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Live Report: Bell Witch And Primitive Man

Primitive Man by Jenna DePasquale
Primitive Man by Jenna DePasquale

As pretentious as it may sound, the paradox is true — there are artists who are worthy of all of the glory, but whose live performances can only be done justice in some god-forsaken dungeon masquerading as a dive. Tales of misanthropy and melancholy are best conveyed in a world not so brightly lit, and heavily rich acoustics best fill cavernous spaces. That is why anyone who has been able to catch Bell Witch and Primitive Man’s current co-headlining leg should consider themselves fortunate. This past Wednesday at Santos Bar in New Orleans, Invisible Oranges had the opportunity to bear witness to two of the most influential outfits in US doom in proper form as they teeter on the brink of mainstream success.

In a test of true musicianship, Bell Witch unceremoniously took each audience member’s hand and led them through the looking glass of October 20 release Mirror Reaper. If pupil dilation was any indication, some were more prepared than others as the set diverged from the expected generic sludge show. For a whole hour, the room managed, to (metaphorically) sit down, shut up, and receive a seamless rendition of the single-track album.

In a recent interview with Noisey, bassist and vocalist Dylan Desmond describes Mirror Reaper as “a gray area between death and life” — a working thesis revived into a life of its own on stage. The anchoring of Desmond alongside drummer and fellow vocalist Jesse Shreibman served as a pendulum; an ethereal chant by Desmond was met with a low and full bellow by Shreibman. Yet, it was a dull blade being cast through the oubliette, working more as a needle mending the mutual feelings of hope and despair. Darkness and light subsequently gave way to gray as Desmond stepped forward through the smoke, dulled by warm illumination, to unleash the two-piece’s first venture into organ work.

While Bell Witch and Primitive Man share a common thread of deliberate drumming, Shreibman’s contributions are offset by rest, which took form in symbol ringing and contemplative pauses — perhaps symptoms of sitting in the eye of emotional reverb. There is a hyperconsciousness elicited by the style, but anxiety is ironed out by atmospherics rooted in the smooth and somber mastery of Desmond’s fretboard-based vibrato. In every sense, Bell Witch lives the dichotomy that they are.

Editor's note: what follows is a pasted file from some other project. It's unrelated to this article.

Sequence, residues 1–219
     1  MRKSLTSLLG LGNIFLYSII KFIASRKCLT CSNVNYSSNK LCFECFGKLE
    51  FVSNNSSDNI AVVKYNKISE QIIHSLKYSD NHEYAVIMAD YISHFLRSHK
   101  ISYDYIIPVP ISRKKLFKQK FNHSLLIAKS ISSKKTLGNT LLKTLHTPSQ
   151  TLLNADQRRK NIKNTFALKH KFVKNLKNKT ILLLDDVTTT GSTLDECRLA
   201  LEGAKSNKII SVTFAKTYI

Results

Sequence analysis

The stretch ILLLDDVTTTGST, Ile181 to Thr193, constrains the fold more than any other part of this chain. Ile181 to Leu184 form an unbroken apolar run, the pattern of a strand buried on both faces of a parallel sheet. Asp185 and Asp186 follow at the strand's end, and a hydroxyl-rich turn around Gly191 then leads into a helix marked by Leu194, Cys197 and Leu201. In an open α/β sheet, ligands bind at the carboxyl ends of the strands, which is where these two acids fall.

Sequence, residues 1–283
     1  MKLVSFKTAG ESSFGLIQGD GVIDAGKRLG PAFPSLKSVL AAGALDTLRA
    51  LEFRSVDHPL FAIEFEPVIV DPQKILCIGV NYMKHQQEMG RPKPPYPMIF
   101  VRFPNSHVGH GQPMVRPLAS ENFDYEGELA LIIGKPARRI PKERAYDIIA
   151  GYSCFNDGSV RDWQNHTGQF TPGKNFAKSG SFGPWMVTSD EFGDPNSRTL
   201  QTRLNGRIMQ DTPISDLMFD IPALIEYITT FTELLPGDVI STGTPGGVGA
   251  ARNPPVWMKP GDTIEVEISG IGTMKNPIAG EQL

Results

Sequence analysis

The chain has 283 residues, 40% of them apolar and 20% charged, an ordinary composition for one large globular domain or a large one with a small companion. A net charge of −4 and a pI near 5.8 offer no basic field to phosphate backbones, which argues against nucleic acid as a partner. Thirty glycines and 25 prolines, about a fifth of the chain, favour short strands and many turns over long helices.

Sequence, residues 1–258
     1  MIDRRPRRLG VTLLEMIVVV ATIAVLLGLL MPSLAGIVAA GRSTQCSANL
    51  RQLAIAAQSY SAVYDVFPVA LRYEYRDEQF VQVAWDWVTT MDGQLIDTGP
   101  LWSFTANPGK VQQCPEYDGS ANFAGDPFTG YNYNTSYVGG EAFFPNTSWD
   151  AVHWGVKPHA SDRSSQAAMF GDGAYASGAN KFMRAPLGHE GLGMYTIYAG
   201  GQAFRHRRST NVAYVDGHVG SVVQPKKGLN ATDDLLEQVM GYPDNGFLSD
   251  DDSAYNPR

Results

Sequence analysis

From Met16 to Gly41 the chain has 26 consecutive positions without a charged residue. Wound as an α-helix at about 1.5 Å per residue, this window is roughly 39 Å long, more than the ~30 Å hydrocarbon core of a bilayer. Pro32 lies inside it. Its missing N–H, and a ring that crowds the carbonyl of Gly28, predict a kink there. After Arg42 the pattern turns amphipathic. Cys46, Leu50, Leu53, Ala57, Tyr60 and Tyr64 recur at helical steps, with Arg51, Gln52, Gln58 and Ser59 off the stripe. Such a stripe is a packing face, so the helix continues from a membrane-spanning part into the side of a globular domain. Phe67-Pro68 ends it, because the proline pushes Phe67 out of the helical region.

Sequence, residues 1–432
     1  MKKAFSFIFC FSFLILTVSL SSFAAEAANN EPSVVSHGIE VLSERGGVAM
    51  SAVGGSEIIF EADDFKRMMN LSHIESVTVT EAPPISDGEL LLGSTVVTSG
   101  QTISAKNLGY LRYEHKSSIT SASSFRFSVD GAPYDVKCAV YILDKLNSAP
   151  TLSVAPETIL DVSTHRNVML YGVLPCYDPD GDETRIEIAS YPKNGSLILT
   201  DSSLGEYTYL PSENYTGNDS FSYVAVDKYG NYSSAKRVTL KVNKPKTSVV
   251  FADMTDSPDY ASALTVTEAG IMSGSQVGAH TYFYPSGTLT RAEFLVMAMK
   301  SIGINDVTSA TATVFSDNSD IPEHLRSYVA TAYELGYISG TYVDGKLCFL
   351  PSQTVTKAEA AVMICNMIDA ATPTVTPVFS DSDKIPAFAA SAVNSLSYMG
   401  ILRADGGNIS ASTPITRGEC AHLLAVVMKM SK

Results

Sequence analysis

Overall, Bell Witch may have had the brick and mortar on lock, but that doesn’t mean they weren’t facing an uphill battle. To put it bluntly, selling an atmospheric performance to a bunch of Modelo-slinging crusties while hand grenade-clutching moms ironically yell “spring break” outside of the doors is no easy feat. It’s one that two sweet Seattle boys managed to accomplish nevertheless.

In a bleak but brutal regression in human progression, matters took a turn from the existential to the survivalist as the dyad gave way to the triad — Primitive Man.

Sparing no time, guitarist and vocalist Ethan McCarthy bellowed tracks from October 6th release Caustic into the mic stand, dreads flying and eyes ablaze with pent up rage better screamed than spoken. Wedged into the corner of the triangle, McCarthy’s position personified humankind’s complex relationship with its environment; the I yearns to assert itself as king, yet it’s only a piece of the earth to which it owes its very existence.

Sitting as master of the drum circle, Joe Linden claims his own unique dominance.
Unconscious decisiveness seems like an oxymoron, but it makes perfect stylistic sense within Primitive Man’s context. To the beat of a pulsing drive, Linden plays line leader in one of doom’s most diverse pacing structures. While the caveman may feel compelled to run to a sprint, he ultimately must stop to catch his breath — offering new contributions to the sub genre while still retaining some of its essential elements. The crowd, too, was able to adapt to the zig-zagging direction, forming a horde of battling bodies, as bassist Jonathan Campos kept watch with roots planted in silent wisdom.

Transcending their obvious musical contributions, Bell Witch and Primitive Man converged to form a modern memento mori — one that tugs at our desire to meaning-make, muddled by our primal urges. We may never know what’s on the other side of the mirror, but we can derive sense from the lessons we learn from our experiences. Even on the most dismal of days, exposure to this kind of art can give the cro-magnon enough motivation to leave the cave and give that other one down the block a shot at exploration.

Follow Bell Witch on Facebook and Bandcamp.

Follow Primitive Man on Facebook and Bandcamp.

—Jenna DePasquale

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